Monday, August 24, 2015

Recovering from the quake

Photo by: Rocky Prajapati
Every century, with a cycle of around 80 years, a devastating earthquake shakes up the two continental plates below Nepal, jolting all life above it. With each repetition, buildings collapse, lives are lost, and normalcy turns upside down for a while.

Yet every time it happens, the country comes together, gets stronger, and works harder to build back. And build back it does. Better, stronger and more resilient. This has been proven time and again.

The two major earthquakes of 25th April and 12th May caused widespread damage in some districts in Nepal, no doubts about that. That was the earthquake doing its thing.

The reaction of the people, considered to be one of the best crisis managers in the world, was extraordinary. Before the government or international aid could kick in, the youth, business-people, monks, nuns, schools, colleges all started to work in relief, and before anything had even arrived in Nepal in terms of aid, had conducted an astounding amount of relief runs, mobilising funds and resources and moving tons upon tons of relief into areas that needed it.

In the far flung villages, the youth had dug up bodies, cremated them, and had started on emergency shelters within a few days already, conditioned by centuries of living in isolated small valleys and knowing how to be self-sufficient.

This strength and resilience is something worth experiencing, the nature of this incredible mix of over 100 ethnic groups living in this stretch of land that is Nepal, nestled between giants of China and India, never colonised and never conquered.

In tourism, the reaction was similar. First priority was getting everyone home safe, so rescue missions were organised to get stranded travellers out of the way. After that, companies started looking after their own - staff, guides, porters etc who needed help. After that the industry rallied together to start a recovery process, running as we write and which has developed into a very unique industry led initiative thats taking the lead in turning the tourism of this country for the better. An understanding of this process and the participation in it, can change ones understanding of how an industry should react in disasters of this magnitude.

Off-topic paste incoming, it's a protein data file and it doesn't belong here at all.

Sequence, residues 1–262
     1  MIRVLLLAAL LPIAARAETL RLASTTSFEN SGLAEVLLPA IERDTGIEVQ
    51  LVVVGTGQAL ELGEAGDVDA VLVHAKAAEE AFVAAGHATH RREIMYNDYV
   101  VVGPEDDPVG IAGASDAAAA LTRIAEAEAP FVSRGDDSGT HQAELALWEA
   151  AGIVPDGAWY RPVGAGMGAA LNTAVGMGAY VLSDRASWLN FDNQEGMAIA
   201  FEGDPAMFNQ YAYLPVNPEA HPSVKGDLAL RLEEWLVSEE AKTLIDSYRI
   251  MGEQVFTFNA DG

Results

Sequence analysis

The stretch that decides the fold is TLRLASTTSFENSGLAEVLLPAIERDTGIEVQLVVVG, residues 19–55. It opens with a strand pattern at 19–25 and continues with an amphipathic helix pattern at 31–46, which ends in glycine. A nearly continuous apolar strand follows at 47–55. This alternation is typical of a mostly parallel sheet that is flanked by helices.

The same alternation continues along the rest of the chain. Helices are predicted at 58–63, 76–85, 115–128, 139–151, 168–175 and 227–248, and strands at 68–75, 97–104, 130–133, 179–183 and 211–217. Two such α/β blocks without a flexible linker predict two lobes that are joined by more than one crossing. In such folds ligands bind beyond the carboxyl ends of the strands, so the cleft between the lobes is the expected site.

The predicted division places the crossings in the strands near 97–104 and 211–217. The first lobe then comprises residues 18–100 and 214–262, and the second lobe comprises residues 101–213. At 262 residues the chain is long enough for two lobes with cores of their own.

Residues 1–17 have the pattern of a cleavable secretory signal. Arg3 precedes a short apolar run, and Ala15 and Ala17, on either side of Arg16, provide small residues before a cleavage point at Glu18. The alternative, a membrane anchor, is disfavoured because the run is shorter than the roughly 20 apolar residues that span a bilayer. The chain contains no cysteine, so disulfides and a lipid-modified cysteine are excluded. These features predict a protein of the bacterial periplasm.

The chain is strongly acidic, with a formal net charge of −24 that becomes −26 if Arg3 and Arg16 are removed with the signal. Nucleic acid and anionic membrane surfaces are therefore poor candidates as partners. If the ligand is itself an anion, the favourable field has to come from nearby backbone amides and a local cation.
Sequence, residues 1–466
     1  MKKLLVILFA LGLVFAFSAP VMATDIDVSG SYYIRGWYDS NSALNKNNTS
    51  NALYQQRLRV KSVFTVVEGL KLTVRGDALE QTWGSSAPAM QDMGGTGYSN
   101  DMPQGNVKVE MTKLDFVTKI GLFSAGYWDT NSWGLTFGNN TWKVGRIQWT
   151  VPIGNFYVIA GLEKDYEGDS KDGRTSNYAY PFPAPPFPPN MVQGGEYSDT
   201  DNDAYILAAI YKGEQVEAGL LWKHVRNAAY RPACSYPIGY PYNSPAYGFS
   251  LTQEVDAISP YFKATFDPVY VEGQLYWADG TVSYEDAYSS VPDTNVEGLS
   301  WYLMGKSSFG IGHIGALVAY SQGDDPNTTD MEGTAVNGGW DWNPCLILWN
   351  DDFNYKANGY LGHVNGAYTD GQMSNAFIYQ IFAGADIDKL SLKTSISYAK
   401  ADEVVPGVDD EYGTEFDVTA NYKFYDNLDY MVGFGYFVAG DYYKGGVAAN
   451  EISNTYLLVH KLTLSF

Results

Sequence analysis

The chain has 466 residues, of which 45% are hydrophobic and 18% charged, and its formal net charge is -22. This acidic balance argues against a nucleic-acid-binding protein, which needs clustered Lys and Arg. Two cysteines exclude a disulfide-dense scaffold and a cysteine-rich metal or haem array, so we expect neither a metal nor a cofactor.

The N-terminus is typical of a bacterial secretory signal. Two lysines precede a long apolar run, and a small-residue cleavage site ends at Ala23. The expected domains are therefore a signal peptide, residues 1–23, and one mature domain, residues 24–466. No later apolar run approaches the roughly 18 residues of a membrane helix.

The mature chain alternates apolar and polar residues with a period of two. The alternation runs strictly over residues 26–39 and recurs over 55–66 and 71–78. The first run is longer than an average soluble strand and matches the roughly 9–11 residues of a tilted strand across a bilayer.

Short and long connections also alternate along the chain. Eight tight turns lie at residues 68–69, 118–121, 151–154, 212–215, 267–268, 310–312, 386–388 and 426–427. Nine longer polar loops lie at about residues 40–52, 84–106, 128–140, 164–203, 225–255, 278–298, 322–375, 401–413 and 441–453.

At socialtours, we are working hard on several aspects of the recovery process

  1. Leading an industry initiative to recover tourism through engaging in designing of mitigating strategies and actions to back it up. A big positive results of this has become the new recovery website endorsed by the government . We urge all partners to also endorse this, as this is beneficial for the one voice that is required to drive customers to buy trips again. 
  2. Developing post quake recovery products that are experiences that encompass what we have described above. Most of our trips have already become relevant in the recovery process, as travellers can now meet survivors, relief workers and real champions in order to understand how a country responds to something like this. This is a strong promise and in Nepal NOW easy to deliver. We ourselves are survivors and socialtours alone has organised and is implementing over 50,000 USD worth of relief works and we continue to do so since day one. 
  3. Initiating confidence building campaigns like the I AM IN NEPAL NOW and I AM GOING TO NEPAL campaigns that are viralling on social media. 
  4. Finding ways to make the travellers in this two year window feel even more welcome, sometimes things as little as finding out which room is allocated and leaving a nice note for them.  

Together in Tourism!


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